Vintage planes in Brazil
Revista The Vintage Airplane - Fevereiro de 1981


Like some other large countries with partially developed areas, Brazil has had a dual attitude regarding the importance of aircraft since the beginning of this century.
There have been short periods of time when both private concerns and government-sponsored facilities have attempted to design and build aircraft. Since 1910 the ~military has assembled and operated imported planes and after 1930 several U. S. and German types have been built under license.


EAA member J.C.Boscardim and a Fleet biplane.
Fairchild PT-19 in background

In Rio de Janeiro, in 1914, the Brazilian Navy organized a naval aircraft facility where, with the help of a Mr. Horton Hoover, and others, many naval aircraft were constructed. This American individual is named because he remained in Brazil where he worked in an institute at the State University in Sao Paulo under Frederico Brotero making several studies, some of which had been contracted by the Navy.
The group designed and built various airplanes using native Brazilian materials such as wood, plywood and fabric. Wood was used for longerons, struts and propellers.
Between 1930 and 1950, this group known as the I.P.T. turned out some 2 dozen prototypes. The most prominent plane was a high wing monoplane similar to
the J-3 Cub, produced in 1934. This aircraft called the “Paulistinhas” was powered by a 3 cylinder, 45 hp engine and approximately 1,000 examples were manufactured.

By J.C.Boscardin EAA 127040, A/C 4376 Silveira Peixoto 1077
80,000 Curitiba Parana Brazil
Photos courtesy of the Author

1929 Curtiss Fledgling, a pionner Brazilian airmail plane

While this work was being done in Sao Paulo State, a Naval factory in Rio was assembling imported planes and manufacturing under license such types as the Focke Wulf FW-44 and FW-56. After the start of WWII production changed to Fairchild PT-19s and later to Fokker trainers.
The private aviation industry in Rio was represented by a naval shipbuilder, Henrique Lage who owned a sizeable facility and hired the French designer, Mr. Renee Vandaelle. By 1934 the serialized production of planes, the M-7 and M-9, designed by Guedes Muniz had begun. Mr. Muniz studied in France where he constructed one or two prototypes as a student. The M-7 and M-9 were biplane trainers powered by Gipsy engines.
In 1938-39 the Henrique Lage factory began to produce the HL series. The HL-1 was a Piper-like high wing monoplane and the HL-6 was a low wing aerobatic trainer. Even a single, light trimotor craft was built.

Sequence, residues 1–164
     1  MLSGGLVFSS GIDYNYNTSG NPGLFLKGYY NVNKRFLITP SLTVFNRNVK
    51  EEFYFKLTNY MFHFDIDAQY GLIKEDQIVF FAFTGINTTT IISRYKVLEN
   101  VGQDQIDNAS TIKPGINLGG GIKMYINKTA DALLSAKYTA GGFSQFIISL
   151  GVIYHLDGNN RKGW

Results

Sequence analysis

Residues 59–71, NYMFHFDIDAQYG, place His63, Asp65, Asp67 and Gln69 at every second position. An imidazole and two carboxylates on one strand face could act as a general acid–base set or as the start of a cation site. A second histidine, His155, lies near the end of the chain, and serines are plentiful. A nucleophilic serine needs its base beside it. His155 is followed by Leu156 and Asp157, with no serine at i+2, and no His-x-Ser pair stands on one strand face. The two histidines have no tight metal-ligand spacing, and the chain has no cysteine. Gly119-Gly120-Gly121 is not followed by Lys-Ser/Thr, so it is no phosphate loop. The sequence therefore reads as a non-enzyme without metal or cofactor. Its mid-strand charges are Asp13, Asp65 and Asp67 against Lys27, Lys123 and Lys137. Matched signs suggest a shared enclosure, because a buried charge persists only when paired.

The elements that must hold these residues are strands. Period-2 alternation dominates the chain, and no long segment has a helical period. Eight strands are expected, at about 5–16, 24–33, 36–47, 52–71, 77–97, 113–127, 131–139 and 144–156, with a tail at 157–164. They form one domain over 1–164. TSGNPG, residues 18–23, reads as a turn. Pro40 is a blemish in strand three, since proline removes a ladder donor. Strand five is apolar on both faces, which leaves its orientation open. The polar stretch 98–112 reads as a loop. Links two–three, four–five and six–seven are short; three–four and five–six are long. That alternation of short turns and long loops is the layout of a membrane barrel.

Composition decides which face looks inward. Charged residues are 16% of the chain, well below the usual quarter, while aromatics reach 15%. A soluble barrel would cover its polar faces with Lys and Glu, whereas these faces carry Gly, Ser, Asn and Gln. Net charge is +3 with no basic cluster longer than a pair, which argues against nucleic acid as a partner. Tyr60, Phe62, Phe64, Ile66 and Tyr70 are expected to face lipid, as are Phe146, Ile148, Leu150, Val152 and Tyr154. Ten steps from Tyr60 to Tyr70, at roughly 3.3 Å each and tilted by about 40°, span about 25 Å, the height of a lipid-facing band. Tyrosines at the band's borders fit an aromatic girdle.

After 1945 there was a “house cleaning” program and many training and general use aircraft used during WWII were scrapped. Many good, vintage aircraft flyable condition were dismantled and the components simply disappeared. More than 2,000 airplanes distributed during the war effort to clubs and schools, were reduced to a few dozen. Planes like the FockeWulf Strosser were lost while some American Fleet 2’s and British Tiger Moths survived.

Some of the aircraft displayed in the Museu Aeroespacial
Campo dos Afonsos - Rio. On the left are the Santos Dumont 14 BIS
and Demoiselle, a Muniz M-7, a CAP 4 ans others

Nowadays it isn’t uncommon to see a PT-19 in use by an Aero Club as an aerobatic trainer. A single PT-22 is being flown by one of the clubs.
We were highly frustrated when governmental action resulted in the scrapping of two FW-44’s. We have succeeded in restoring a Fleet 2 and some gliders including a Kranich II which is one of the most gratifying of all to fly.
At one time during 1944 a Brazilian facility was producing one plane a day including a large number of Piper-like monoplanes, the M-7, a biplane trainer resembling Moths and Buckers, and the HL-6, a 2 place low wing aircraft with very good performance.
In 1960 we helped with the restoration of one of the last HL-6 aircraft. This gave us a good opportunity to evaluate its performance and other general characteristics. I think this plane constitutes the biggest interest for the foreign reader and 1 will try to obtain some figures. Examples of the HL-6 can be seen in two Brazilian museums, one in Sao Paulo and the other in Afonsos-Rio which also displays a flyable Curtiss Fledgling.
As late as 1950 there were some Ju 52’s, Weihe’s, and even a flyable Me 108 but they have since vanished. American types such as Wacos and Stearmans have deteriorated from abandonment mostly because of a lack of operable power plants.
Today we can only see a possible restoration project, some Aeronca Chiefs, 2 or 3 Luscombe Silvaires, a Bucker Jungmann or two, and perhaps 2 or 3 Tiger Moths.

A view inside the Museu Aeroespacial - Campo dos Afonsos - RIO.
The Curtiss Fledgling on the left is airworthy.